The National Fire Department Registry (NFDR) published a report in April 2017 detailing the number and type of personnel who man the firehouses throughout the US. The NFDR published that there are 27,192 fire departments that staff about 1,215,300 firefighting personnel. One striking and surprising result of the NFDR study is that of the active firefighting personnel, 32 percent were career firefighters, 56 percent were volunteer firefighters, and 12 percent were paid-per-call firefighters.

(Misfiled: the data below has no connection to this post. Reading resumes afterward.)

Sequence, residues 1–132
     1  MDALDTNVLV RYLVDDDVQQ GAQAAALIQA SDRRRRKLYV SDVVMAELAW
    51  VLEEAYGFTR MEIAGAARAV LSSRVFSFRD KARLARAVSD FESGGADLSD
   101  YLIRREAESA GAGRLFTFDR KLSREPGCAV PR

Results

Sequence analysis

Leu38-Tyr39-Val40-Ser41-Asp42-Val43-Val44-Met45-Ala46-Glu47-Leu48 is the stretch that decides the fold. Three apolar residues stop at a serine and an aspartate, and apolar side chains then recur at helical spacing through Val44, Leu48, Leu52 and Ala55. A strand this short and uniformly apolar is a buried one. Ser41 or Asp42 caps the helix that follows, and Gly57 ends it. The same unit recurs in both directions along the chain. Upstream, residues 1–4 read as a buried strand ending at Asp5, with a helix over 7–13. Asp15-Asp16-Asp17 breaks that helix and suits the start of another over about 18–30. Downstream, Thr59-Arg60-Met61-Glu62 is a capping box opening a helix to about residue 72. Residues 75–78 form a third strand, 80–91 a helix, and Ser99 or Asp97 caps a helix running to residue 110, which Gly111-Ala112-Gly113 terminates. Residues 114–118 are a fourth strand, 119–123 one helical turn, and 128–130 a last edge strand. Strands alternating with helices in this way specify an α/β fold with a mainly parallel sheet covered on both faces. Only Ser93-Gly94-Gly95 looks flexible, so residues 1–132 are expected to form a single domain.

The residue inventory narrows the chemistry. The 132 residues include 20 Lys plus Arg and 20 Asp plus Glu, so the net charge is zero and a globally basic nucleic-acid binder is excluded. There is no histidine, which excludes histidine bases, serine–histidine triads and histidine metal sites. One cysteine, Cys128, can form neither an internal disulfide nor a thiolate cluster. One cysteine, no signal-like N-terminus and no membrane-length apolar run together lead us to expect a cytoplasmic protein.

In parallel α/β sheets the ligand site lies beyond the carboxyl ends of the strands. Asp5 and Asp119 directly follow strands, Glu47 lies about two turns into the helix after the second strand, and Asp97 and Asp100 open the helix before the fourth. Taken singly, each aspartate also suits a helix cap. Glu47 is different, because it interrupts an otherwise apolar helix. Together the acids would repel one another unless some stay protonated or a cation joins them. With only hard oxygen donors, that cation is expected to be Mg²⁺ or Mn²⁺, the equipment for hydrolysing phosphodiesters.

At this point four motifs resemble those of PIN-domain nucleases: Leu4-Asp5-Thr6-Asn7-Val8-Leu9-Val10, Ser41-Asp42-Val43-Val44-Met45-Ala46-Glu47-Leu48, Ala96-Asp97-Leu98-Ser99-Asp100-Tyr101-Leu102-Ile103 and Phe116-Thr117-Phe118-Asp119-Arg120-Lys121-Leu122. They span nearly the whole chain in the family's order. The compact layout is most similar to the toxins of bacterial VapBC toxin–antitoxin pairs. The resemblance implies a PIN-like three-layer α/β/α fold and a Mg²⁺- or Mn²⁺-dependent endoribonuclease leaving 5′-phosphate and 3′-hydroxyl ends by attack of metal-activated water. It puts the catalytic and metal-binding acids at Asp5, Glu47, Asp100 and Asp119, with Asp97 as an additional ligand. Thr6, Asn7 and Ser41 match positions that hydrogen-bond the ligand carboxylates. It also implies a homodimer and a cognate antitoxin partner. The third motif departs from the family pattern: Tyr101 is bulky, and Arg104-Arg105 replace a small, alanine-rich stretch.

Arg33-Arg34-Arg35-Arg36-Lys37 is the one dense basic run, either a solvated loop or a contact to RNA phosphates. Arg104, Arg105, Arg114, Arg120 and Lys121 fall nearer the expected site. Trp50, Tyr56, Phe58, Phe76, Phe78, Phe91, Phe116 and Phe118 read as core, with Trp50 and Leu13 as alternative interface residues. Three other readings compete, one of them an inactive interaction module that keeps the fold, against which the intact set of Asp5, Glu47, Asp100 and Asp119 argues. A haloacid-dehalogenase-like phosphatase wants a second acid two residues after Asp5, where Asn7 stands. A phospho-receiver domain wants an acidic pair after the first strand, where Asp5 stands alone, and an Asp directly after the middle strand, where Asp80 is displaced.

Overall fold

The statistics compiled by the NFDR highlight a challenge faced by fire departments and the cities, towns, and municipalities they are sworn to protect. The fact is that when you call for help or have an emergency, five out of ten firefighters who show up to render aid are volunteering. Volunteer fire departments cover vast sections of the country that are not serviced by paid fire services. Traditionally these departments existed primarily to respond mainly to structure and wildland fires. However, as funding for EMS services is reduced, volunteers are finding themselves responding to accidents, technical rescue, and other life-threatening emergencies. The new administration’s unprecedented cuts have also befallen onto volunteer fire station budgets. The budget cuts and reduced funding are raising concerns about the state of department readiness and the ability to respond with near obsolete equipment. In order for the volunteer agencies to succeed they must keep up with the needs, growth, and changes of their community and society. Simply put, you simply cannot use 1960 technologies to service 2018 problems.